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Mid-Atlantic Brewing News August/September 2009

 Pittsburgh, Iron City Brand Go Their Separate Ways

 By Rich Wagner

 While attending the American Breweriana Association convention in Madison, Wis. this summer, I asked Bud Hundenski about Iron City Brewing Co. He’s from a suburb of Pittsburgh and has been a long-standing supporter of his local breweries. “It’s over!” he said. “They’re brewing the last batch next week!” The look on Bud’s face told me this was no joke, and while I wasn’t shocked, I had somehow hoped I’d never hear those words. After all, the brewery had miraculously survived for over two decades with a colorful cast of owners, each of whom seemed to bring the company perilously close to collapse. The last of a twenty-one branch once-mighty “combine” formed in 1899 as the Pittsburgh Brewing Company was about to become idle.

 The Iron City brand actually harkens back to the days before the “Smoky City” became famous for making steel! The company not only survived prohibition, but “the Beer Wars” of post-World War II America. Pittsburgh Brewing became Iron City Brewing in the fall of 2007 with a $4.1M infusion from a Connecticut-based investment firm to clear debts and modernize the plant. As part of the deal the water authority forgave part of the $2.7M it was owed.  Allegheny County now wants to be paid back on loans it granted for job creation and retention. The city says the company did not make the capital improvements it promised. The company says it will keep the office open in Pittsburgh with a small staff.

 In March, Iron City shut down the canning line, laying off over 25% of the workforce, and moved can production to High Falls Brewing Co. (since renamed Genesee) in Rochester, NY. In June, company president Tim Hickman told the Pittsburgh Post-Gazette of plans to move all production to Latrobe where City Brewing Co. was in the process of putting in a new canning line. The Latrobe brewery had been virtually shuttered since late last year when they lost the contract to brew Samuel Adams as a result of Boston Beer’s purchase of the Schaefer-Stroh-Pabst plant in Fogelsville, PA.

 Some say Iron City’s 2008 production of 172,000 bbl would not warrant restarting Latrobe’s million-barrel capacity brewery. But Don “Joe Sixpack” Russell recently reported that Southampton Brewing was moving their contract beer production from the Lion in Wilkes-Barre to Latrobe.

 An April 14 article in the Pittsburgh Tribune-Review added another potential ironic twist to the tale stating that Anheuser-Busch was shopping around the Rolling Rock brand it acquired in 2006. Both City Brewery and Genesee were reportedly in the running to acquire it. Imagine Rolling Rock returning home, like a prodigal son, to a populace and workforce once-scorned. Or, alternatively, imagine Rochester becoming the biggest producer of Pennsylvania regional brands: Iron City, Rolling Rock and Straub! (Yes, Straub Brewing Co. in St. Marys introduced a canned product this summer made under contract at Genesee.)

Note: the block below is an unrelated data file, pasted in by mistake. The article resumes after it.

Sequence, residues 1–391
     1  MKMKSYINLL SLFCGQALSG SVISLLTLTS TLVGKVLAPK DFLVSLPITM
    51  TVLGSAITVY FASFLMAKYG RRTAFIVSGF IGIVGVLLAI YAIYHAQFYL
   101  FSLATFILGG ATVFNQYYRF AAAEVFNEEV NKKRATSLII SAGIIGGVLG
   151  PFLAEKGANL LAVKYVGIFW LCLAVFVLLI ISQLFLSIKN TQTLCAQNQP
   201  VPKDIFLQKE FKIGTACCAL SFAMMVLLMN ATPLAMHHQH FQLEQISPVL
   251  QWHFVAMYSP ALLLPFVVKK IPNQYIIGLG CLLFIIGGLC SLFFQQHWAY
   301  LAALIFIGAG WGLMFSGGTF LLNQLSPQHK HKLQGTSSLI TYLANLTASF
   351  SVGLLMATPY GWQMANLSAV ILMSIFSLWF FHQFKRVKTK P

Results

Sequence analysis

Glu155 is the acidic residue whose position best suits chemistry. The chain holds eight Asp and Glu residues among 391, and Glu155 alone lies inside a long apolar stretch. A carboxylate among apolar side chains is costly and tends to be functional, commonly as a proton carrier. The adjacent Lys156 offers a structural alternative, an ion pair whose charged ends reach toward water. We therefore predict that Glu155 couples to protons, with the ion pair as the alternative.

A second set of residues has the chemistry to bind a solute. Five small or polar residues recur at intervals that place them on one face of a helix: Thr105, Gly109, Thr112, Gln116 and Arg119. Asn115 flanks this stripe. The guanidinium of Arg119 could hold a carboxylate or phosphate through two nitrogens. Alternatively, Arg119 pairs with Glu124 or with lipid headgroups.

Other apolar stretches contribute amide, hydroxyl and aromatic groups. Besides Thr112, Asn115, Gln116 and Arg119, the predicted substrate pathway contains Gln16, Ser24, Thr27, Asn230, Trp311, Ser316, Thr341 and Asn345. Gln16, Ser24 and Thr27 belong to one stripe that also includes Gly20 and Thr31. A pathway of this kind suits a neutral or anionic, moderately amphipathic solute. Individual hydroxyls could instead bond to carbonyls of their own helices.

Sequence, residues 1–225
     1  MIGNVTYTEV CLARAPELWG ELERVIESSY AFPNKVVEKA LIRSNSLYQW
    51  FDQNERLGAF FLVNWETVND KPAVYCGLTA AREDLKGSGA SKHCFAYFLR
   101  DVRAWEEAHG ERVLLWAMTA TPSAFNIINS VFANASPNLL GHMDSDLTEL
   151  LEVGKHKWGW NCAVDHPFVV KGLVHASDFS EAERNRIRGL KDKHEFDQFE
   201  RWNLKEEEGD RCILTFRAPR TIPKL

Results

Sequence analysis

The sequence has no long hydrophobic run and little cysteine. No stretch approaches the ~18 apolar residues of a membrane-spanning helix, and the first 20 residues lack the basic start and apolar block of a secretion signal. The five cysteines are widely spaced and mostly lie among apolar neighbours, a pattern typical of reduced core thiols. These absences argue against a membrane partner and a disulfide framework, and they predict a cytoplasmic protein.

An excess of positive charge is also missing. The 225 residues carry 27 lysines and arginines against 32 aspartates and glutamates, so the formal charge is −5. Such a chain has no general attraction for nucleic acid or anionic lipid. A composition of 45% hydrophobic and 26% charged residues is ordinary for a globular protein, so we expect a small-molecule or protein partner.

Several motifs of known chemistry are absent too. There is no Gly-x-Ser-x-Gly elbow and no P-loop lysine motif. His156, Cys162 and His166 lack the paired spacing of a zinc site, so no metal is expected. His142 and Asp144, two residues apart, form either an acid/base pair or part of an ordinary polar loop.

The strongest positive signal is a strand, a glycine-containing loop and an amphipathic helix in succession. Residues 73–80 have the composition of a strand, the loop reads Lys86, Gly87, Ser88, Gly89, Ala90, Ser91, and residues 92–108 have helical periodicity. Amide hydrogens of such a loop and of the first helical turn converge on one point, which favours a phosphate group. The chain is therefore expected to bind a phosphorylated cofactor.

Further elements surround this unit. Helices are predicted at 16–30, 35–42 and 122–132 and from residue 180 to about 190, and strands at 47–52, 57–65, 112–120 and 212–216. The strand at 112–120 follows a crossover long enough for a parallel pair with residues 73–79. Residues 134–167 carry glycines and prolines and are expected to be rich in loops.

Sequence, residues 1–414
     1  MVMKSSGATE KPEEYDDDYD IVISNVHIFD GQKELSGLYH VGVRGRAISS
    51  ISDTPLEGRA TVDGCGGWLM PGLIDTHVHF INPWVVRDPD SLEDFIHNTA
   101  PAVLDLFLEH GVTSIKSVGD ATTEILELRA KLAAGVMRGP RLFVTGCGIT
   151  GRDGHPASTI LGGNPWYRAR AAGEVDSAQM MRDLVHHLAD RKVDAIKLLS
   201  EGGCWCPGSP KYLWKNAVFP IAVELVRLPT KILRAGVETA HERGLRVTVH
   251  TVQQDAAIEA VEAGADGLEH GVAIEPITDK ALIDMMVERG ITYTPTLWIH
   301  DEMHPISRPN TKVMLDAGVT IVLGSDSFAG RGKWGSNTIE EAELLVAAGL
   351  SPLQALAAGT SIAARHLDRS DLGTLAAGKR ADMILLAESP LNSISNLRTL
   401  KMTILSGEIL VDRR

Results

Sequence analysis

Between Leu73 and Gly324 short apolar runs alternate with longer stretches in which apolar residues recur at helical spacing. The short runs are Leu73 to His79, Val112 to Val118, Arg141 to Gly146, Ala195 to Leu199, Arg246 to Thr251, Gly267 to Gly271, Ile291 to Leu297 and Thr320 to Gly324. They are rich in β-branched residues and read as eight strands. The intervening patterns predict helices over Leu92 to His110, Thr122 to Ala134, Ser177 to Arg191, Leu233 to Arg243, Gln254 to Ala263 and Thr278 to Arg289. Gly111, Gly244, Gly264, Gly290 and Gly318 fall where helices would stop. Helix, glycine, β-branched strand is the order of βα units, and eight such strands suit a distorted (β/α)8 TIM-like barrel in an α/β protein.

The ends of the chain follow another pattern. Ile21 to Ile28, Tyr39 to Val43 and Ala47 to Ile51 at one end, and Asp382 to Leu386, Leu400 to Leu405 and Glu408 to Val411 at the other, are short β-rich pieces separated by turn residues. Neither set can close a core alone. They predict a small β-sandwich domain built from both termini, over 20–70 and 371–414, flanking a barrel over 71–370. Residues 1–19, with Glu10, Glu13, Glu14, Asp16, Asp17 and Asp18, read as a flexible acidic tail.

A Local Beer No Longer

 Iron City management can try to put a positive spin on the move to Latrobe, but to lifelong died-in-the-wool supporters like Bud Hundenski, it just isn’t Pittsburgh! Ask a bar owner in Latrobe how much Rolling Rock he’s sold since A-B moved production to Newark three years ago. It’s anyone’s guess how this is all going to shake out, and there are those who see the closing of the brewery as one puzzle piece in an elaborate real estate scheme. 

 And as if that weren’t enough, the basement of the bottling house was flooded during a storm the same week they brewed their last batch, damaging sewer, electrical and steam lines, so in all likelihood the finished beer will have to be trucked to Latrobe for packaging.

 The Pittsburgh beer market resisted the invasion of national brands longer than just about any other region I can think of. Those familiar red “bull’s-eye” Iron City neons graced just about every tavern when I took my first tour of Pittsburgh Brewing in 1980 and if you ordered anything other than “Iron” (pronounced Ahhrrrn) you were immediately pegged as an out-of-towner. The IC Light brand kept light beers from the “Big Three” at bay for years! Most recently, the company was the first in the nation to introduce the aluminum bottle.

 I’ve seen a lot of Pennsylvania’s old nineteenth-century breweries littering the landscape, left standing like vulture-picked carcasses with gaping holes in their sides after equipment has been removed and sold for pennies on the dollar, and it’s sad to see this one join the list of casualties.

 End Note: (This made news after MABN went to press).On July 24, 2009 the Associated Press reported the last kegs rolled off the production line at Iron City in Pittsburgh and that City Brewery in Latrobe began producing Iron City beer earlier in the week.

For Further Reading

Dochter, Rich & Wagner, Rich. "The Brewing History of Pittsburgh, a Microcosm of the U.S. Brewing Industry." Zymurgy. Winter, 1985.

Wagner, Rich. “Brewing in the Iron City.” American Breweriana Journal. Includes cover photos. May/June 2006.

Wagner, Rich. “Pittsburgh Brewing Company – After Repeal.” American Breweriana Journal. May/June 2006.

Wagner, Rich. “City of Steel and Beer: Celebrating Pittsburgh's Heritage.” Mid-Atlantic Brewing News. June/July 2006.

Wagner, Rich. “A-B Purchase of Rolling Rock Puts Brewery Future in Doubt.” Mid-Atlantic Brewing News. Aug./Sept. 2006.





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